The three provided a stirring rendition of "Tenderly" as a jazz improvisational backdrop to John Hubley's 1958 cartoon The Tender Game.[5]

With fellow jazz guitarists Barney Kessel, Charlie Byrd and later, Tal Farlow, he created another ensemble, the Great Guitars.[1]

Herb Ellis was also featured on an episode of Sanford and Son accompanying Fred Sanford's singing.

Ellis gave cartoonist and The Far Side creator Gary Larson guitar lessons, in exchange for the cover illustration for the album, Doggin' Around (Concord, 1988) by Ellis and bassist Red Mitchell.

In 1994, he joined the Arkansas Jazz Hall of Fame. On November 15, 1997, he received an Honorary Doctorate from the University of North Texas College of Music.

Ellis died of Alzheimer's disease at his Los Angeles home on the morning of March 28, 2010, at the age of 88.[6]


As leader[edit]

  • Ellis in Wonderland (Norgran, 1956)
  • Nothing but the Blues (Verve, 1957)
  • Herb Ellis Meets Jimmy Giuffre (Verve, 1959)
  • Softly...but with That Feeling (Verve, 1961)
  • Three Guitars in Bossa Nova Time (Epic, 1963)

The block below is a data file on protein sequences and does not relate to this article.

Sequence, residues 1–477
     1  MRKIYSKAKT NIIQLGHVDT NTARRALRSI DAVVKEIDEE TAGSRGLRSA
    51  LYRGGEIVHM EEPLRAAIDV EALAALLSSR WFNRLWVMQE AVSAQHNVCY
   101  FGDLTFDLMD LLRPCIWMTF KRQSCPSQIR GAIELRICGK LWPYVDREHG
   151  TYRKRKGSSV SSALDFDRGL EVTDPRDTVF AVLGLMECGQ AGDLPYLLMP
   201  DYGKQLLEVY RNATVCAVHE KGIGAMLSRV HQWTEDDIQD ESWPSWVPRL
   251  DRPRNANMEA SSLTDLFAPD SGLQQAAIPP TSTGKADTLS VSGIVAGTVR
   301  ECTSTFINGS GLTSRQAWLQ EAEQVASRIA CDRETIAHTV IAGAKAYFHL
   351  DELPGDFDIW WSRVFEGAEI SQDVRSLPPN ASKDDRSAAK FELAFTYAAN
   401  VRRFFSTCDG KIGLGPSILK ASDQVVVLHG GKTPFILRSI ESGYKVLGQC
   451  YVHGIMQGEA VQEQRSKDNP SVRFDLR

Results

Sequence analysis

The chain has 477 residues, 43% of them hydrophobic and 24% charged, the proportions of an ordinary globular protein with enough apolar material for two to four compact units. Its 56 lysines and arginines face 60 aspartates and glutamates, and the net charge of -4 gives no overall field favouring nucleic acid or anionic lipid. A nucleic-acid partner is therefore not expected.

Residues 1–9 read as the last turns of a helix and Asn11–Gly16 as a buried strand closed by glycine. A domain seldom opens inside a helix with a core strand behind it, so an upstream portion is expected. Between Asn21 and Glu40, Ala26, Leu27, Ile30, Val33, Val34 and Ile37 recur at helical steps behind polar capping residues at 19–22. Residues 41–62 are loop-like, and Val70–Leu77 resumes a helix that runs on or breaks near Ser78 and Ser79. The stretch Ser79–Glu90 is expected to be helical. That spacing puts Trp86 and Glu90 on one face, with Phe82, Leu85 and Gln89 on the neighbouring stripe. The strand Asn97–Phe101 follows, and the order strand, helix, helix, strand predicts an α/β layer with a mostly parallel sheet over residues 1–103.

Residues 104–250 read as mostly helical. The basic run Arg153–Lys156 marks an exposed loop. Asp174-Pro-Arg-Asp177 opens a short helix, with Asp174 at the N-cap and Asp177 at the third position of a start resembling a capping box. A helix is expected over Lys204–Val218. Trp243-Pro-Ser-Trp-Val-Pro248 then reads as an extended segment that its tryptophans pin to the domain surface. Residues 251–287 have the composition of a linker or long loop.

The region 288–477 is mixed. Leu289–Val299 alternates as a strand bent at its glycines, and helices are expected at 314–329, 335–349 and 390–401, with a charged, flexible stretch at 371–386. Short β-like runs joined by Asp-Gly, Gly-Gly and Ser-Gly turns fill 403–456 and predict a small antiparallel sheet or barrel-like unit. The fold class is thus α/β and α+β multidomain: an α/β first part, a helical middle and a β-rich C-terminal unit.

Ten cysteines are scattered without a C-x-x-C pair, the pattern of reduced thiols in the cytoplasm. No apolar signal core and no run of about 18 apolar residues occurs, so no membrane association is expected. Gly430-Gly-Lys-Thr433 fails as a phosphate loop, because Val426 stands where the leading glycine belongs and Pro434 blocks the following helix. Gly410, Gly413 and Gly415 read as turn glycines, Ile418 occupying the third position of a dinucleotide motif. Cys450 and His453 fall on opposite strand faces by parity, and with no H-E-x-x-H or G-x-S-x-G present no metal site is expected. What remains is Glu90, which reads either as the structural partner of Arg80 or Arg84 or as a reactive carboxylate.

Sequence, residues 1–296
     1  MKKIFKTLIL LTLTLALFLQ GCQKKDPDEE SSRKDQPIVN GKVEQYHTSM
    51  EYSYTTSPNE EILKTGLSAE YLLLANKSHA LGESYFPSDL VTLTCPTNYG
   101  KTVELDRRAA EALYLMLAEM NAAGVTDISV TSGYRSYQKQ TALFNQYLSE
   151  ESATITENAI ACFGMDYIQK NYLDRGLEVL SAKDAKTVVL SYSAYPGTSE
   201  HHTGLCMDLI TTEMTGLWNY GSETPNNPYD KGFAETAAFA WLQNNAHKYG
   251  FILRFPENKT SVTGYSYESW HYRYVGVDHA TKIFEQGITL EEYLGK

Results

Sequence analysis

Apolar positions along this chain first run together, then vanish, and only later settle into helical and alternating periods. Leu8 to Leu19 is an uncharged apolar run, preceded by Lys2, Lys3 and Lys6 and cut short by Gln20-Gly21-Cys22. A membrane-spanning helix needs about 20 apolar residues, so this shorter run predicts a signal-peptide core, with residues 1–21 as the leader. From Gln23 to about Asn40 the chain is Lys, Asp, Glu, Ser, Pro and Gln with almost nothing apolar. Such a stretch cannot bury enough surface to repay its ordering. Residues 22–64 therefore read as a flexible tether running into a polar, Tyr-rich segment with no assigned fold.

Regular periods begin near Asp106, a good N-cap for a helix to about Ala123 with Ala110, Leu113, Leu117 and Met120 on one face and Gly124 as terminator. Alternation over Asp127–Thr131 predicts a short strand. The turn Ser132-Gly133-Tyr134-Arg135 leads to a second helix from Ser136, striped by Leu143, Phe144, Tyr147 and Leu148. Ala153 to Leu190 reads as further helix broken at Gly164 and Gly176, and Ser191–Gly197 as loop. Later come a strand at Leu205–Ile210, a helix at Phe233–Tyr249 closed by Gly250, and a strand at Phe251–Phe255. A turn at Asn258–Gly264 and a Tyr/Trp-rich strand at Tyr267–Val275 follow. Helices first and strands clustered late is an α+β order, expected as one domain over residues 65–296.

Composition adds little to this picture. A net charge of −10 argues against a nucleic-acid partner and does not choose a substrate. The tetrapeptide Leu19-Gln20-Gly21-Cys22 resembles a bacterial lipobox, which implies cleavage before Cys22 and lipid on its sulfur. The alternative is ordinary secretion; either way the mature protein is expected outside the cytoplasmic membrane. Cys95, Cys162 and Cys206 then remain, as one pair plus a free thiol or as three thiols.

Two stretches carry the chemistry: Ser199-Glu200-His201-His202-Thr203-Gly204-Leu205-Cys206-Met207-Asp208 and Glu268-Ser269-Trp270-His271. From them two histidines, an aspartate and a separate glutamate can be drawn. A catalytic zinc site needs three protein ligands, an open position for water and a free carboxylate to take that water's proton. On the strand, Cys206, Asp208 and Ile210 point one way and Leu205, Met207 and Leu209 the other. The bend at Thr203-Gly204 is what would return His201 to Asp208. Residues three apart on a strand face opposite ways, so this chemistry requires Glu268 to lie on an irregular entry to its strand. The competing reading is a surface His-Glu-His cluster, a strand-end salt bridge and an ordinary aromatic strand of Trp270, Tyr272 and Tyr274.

• Together! with Stuff Smith (Epic, 1963)
  • 4 to Go! with Andre Previn (Columbia, 1963)
  • Guitar/Guitar with Charlie Byrd (Columbia, 1965)
  • Man with the Guitar (Dot, 1965)
  • Herb Ellis and the All Stars (Epic, 1974)
  • Herb Ellis & Ray Brown's Soft Shoe (Concord Jazz, 1974)
  • Seven, Come Eleven with Joe Pass (Concord Jazz, 1974)
  • Jazz/Concord with Joe Pass (Concord Jazz, 1974)
  • Two for the Road with Joe Pass (Pablo, 1974)
  • Rhythm Willie with Freddie Green (Concord Jazz, 1975)
  • In Session with Herb Ellis (Guitar Player, 1975)
  • After You've Gone with Ray Brown, Harry "Sweets" Edison (Concord Jazz, 1975)
  • Great Guitars with Charlie Byrd, Barney Kessel (Concord Jazz, 1976)